Author(s): Eltahawy AT, Khalaf RM, Eltahawy AT, Khalaf RM
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Abstract The incidence and antimicrobial resistance of Gram-negative non-fermentative bacteria isolated over 1 year at King Abdulaziz University Hospital, Jeddah, Saudi Arabia were investigated. A total of 499 of these microorganisms were collected and account for 16\% of all Gram-negative bacteria isolated. The most common species were Pseudomonas aeruginosa 291 (56\%), Acinetobacter baumannii 170 (34\%), and Stenotrophomonas maltophilia 35 (7\%). 168 (34\%) of these microorganisms were isolated from Intensive Care Unit (ICU), 147 (30\%) from General Medicine, and 24 (25\%) from Surgery wards. ICU was the main site of isolation of P. aeruginosa and S. maltophilia, while A. baumannii was more frequently isolated from medicine and surgery units. The vast majority of the isolates were resistant to many antibiotics tested. The antimicrobial resistance patterns of P. aeruginosa showed lowest resistance to imipenem (13\%), amikacin (17\%), and ciprofloxacin (18\%). Imipenem was also the most active antimicrobial agent against A. baumannii (15\%) resistance. S. maltophilia exhibited multi-drug resistance, and was susceptible only to sulfonamide (6\%).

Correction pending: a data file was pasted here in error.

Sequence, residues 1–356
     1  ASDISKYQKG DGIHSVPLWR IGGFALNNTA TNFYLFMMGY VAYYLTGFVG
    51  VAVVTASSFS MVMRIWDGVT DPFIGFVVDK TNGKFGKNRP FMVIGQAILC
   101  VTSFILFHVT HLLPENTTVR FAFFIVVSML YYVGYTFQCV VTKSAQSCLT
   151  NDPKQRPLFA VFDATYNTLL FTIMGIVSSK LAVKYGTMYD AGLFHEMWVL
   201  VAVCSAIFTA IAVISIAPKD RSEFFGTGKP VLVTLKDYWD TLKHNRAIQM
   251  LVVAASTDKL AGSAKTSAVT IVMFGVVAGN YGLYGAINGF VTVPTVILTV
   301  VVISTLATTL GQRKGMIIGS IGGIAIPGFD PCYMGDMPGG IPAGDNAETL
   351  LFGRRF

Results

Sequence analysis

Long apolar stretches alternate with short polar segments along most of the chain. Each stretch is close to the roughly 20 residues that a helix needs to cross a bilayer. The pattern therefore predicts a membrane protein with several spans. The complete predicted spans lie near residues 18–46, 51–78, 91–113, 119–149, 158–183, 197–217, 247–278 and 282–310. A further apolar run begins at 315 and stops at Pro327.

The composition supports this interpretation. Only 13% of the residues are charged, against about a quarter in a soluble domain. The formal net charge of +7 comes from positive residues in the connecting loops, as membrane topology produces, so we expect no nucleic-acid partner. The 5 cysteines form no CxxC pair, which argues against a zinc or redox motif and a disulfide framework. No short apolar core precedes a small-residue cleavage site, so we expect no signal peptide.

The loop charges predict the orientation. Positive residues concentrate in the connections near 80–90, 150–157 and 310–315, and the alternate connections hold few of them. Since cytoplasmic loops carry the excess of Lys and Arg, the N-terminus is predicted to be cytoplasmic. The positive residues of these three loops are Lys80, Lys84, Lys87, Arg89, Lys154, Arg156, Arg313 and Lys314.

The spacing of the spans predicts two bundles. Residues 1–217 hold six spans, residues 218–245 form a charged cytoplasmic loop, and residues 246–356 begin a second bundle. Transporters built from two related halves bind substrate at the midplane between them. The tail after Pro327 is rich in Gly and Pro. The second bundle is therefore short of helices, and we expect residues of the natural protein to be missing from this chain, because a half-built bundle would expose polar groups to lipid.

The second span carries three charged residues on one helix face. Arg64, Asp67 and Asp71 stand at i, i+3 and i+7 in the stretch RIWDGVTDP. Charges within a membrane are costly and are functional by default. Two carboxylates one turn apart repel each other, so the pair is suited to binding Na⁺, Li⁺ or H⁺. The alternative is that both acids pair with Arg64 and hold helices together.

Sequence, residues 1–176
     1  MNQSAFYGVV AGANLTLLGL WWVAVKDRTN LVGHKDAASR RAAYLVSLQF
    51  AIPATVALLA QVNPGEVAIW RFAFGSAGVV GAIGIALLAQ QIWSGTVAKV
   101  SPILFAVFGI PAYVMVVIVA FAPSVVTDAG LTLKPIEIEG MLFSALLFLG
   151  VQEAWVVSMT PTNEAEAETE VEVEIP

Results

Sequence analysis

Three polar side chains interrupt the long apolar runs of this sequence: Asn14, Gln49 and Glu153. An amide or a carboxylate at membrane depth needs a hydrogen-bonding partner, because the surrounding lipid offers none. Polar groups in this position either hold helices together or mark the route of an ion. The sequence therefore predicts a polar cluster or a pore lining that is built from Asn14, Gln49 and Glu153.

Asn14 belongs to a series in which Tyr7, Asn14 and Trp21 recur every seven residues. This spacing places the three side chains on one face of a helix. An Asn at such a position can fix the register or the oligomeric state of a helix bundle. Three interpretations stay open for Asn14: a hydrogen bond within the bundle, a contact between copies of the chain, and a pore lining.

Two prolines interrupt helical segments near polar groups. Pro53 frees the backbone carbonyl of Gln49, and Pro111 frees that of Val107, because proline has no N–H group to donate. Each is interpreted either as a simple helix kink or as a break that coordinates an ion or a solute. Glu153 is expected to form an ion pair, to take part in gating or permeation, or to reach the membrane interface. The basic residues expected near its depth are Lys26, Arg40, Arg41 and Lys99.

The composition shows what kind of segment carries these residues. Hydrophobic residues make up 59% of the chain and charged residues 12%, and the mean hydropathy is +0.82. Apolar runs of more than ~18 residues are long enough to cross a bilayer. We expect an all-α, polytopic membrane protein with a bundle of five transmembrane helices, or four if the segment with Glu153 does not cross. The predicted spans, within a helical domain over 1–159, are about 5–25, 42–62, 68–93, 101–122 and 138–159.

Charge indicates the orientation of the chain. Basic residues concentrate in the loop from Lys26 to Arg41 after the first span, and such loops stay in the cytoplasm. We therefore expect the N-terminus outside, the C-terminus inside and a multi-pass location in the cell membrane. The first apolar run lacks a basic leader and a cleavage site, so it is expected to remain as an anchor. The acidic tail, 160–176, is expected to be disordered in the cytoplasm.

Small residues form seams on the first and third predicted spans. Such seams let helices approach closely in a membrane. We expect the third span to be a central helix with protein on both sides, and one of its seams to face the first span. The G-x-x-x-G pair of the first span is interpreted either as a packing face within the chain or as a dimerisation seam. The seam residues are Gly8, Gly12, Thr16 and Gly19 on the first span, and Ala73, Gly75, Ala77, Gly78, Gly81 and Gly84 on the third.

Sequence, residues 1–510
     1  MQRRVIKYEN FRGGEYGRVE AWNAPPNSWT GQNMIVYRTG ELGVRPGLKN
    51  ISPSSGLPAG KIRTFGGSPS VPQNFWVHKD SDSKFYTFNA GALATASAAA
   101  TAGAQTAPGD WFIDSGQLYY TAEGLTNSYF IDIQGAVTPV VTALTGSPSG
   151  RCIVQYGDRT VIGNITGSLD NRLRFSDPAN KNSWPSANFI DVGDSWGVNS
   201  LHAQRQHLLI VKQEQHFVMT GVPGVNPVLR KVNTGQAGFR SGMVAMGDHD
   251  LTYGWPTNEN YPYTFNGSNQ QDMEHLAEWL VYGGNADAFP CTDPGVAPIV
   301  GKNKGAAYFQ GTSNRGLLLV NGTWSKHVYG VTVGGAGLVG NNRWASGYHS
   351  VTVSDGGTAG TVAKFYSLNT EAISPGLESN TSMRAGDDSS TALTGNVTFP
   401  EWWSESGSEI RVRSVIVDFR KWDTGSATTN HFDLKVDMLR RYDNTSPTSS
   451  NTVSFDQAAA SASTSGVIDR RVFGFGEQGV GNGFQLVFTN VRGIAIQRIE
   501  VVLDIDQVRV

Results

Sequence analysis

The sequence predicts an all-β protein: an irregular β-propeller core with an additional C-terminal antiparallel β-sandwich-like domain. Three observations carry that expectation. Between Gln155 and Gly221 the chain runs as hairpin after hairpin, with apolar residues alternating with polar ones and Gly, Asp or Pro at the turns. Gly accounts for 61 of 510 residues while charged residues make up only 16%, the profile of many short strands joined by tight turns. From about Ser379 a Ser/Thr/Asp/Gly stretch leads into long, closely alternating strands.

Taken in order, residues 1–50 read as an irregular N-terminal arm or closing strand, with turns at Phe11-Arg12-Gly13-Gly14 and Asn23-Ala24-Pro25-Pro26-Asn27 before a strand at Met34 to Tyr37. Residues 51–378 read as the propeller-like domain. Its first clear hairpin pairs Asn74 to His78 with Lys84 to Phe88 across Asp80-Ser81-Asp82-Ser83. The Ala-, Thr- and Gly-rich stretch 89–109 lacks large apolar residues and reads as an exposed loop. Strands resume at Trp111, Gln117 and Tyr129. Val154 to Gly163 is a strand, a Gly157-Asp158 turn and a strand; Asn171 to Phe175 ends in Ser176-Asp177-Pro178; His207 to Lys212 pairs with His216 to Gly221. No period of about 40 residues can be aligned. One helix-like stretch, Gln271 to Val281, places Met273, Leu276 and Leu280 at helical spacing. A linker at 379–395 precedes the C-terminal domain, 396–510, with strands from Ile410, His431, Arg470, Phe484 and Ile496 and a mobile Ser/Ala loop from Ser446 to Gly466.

This article was published in J Chemother
and referenced in Molecular Biology: Open Access